In 1999, then-Environmental Minister Michael Meacher suggested that local councils could be allowed to rezone selected neighborhoods to prohibit second homes. At the same time, he also admitted that he owned a second home in the country.

Currently, other members of the ruling Labor Party, including Cooper and Deputy Prime Minister John Prescott, own homes in areas where the housing market has reportedly soared beyond the reach of middle-class buyers.

"Perhaps we need to zone land in terms of sustainable development," Meacher said. "That could exclude, in some cases, second homes and include affordable housing for people who need it."

Since 2000, the Department of Environment has done two large-scale studies over the future of the countryside that have also considered the issue of affordable housing.

However, countryside groups have complained that little concrete action has been taken.

Jane Hart, spokeswoman for the Rural Housing Trust, a non-profit group that campaigns for affordable homes in the countryside, said that conflict between outsiders and local would-be house owners has existed since the 1970s.

Where middle-class families once preferred to live in large cities, it's now considered fashionable to have a second home in the country.

"Once, it would have been considered desirable to live in a town or the city," Hart said. "Now ... to live in the country is a very desirable thing."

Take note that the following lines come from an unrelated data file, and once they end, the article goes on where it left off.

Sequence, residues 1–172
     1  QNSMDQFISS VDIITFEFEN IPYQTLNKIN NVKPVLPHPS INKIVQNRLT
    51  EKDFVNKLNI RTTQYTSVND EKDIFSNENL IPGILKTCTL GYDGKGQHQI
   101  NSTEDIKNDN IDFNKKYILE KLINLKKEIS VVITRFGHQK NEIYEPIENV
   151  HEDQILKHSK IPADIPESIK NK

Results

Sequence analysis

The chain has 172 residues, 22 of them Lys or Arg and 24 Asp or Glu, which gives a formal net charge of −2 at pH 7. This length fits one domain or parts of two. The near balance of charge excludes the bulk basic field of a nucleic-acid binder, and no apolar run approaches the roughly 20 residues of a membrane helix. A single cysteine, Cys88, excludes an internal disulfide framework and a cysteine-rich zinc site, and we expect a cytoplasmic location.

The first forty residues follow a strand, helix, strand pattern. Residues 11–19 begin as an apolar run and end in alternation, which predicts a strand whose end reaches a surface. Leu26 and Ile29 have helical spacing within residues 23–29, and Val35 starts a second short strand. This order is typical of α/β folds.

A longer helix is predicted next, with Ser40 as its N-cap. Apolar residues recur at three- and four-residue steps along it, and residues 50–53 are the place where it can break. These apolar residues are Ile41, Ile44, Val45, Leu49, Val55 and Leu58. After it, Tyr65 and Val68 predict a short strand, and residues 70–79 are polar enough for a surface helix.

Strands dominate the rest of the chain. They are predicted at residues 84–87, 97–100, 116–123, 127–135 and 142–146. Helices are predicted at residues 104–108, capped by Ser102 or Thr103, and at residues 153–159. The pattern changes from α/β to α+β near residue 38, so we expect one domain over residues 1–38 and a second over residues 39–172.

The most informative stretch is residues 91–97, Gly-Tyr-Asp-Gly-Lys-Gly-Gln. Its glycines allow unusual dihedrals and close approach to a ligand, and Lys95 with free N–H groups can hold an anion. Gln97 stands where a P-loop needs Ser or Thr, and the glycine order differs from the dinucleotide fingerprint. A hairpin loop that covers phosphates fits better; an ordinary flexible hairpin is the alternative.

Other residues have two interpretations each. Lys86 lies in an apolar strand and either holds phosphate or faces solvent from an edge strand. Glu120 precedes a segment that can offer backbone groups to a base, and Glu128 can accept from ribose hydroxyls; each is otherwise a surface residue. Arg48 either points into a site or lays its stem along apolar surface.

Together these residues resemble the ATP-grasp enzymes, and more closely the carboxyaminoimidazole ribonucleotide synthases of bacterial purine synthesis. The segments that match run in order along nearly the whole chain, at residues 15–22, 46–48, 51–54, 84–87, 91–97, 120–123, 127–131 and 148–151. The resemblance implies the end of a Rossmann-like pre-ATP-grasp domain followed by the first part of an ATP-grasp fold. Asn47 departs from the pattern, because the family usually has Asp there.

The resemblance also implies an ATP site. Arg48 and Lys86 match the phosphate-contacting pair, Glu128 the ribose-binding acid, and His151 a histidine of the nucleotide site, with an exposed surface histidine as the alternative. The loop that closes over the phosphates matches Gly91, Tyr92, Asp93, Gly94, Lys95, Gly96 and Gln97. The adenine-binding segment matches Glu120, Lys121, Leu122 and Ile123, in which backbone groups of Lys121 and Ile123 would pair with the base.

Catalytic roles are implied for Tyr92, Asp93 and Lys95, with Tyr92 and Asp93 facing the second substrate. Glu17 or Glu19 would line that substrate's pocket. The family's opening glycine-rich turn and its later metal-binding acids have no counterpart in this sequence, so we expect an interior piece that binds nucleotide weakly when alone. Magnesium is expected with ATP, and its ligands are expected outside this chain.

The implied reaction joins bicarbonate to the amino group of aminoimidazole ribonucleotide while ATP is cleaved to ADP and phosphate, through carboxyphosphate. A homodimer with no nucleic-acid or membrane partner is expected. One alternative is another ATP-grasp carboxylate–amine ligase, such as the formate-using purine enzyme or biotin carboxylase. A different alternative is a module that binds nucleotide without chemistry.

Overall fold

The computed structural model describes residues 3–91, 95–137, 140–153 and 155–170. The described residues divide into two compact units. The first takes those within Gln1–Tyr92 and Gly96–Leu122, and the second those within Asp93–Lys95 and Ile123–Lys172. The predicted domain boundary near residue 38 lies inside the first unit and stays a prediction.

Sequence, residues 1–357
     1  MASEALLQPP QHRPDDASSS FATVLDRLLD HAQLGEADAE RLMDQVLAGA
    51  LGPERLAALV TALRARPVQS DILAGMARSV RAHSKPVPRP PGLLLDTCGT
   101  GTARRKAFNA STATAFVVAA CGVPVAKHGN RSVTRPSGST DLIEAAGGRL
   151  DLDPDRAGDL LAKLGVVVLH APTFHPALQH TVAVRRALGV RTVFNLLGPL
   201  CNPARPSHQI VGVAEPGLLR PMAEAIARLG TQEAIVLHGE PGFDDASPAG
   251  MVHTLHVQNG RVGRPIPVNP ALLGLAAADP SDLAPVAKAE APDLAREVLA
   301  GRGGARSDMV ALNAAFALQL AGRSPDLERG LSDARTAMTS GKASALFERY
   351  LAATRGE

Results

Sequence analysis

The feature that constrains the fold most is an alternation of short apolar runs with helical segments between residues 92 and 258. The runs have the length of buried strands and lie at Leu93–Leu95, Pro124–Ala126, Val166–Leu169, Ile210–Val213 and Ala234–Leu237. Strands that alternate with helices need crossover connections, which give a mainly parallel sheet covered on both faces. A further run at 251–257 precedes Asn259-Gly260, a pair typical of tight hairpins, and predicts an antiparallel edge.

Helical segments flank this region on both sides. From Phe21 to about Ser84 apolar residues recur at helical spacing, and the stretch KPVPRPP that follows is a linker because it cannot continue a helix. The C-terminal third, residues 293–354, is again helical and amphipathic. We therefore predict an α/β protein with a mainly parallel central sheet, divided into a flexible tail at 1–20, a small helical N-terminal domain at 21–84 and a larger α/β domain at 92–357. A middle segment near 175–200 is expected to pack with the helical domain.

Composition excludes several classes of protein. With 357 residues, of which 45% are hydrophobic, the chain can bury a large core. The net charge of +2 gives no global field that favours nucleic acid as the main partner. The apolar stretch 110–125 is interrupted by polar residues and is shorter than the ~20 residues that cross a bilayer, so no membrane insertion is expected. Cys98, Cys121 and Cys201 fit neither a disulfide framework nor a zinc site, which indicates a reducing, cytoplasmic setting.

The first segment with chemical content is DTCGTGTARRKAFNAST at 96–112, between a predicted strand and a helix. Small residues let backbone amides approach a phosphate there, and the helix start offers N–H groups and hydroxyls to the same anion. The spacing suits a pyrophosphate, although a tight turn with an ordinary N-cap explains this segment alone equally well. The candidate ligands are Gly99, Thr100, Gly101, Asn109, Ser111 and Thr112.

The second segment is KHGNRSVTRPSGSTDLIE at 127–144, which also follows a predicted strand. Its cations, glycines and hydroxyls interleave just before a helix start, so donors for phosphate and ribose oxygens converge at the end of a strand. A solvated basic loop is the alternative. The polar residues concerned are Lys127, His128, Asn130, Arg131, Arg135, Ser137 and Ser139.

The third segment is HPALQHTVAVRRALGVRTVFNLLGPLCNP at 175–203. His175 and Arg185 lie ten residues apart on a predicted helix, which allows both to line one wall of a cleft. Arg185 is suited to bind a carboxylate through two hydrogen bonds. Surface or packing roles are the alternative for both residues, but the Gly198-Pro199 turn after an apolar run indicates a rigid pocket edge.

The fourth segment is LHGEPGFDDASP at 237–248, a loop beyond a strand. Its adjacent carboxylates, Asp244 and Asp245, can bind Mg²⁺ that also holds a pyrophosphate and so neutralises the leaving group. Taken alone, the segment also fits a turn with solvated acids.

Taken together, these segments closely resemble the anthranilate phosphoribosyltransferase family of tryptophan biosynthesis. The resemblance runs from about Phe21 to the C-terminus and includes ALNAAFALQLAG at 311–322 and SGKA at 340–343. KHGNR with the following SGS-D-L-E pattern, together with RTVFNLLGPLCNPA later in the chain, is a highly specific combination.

In 2004, a study conducted by Shelter, a housing and homelessness charity, found that second-home ownership had increased by 15 percent within the previous year, mostly as a result of the booming property market. In addition, house prices rose considerably quicker in rural areas than in London.

Yesterday, charity spokeswoman Helen Bird said that her group would take a wait-and-see attitude towards the new housing commission.

"Practical measures to reduce the number of second homes in rural areas are welcome," Bird said. "However, we would need to see much more detail on how the scheme being considered by the rural housing commission would work."

8 comments:

Anonymous said...

You're going to blame the supreme court decision on the liberals? I think you are missing the bigger picture here or are completely ignorant. The supreme court just ruled IN FAVOR of corporations, something the evil liberals aren't usually so excited about. Now which party/political attitude is in favor of unregulated industry? Hmmm...not the left ! This just benefited all those nice rich bastards who can NOW take your property away to build more industry.

Anonymous said...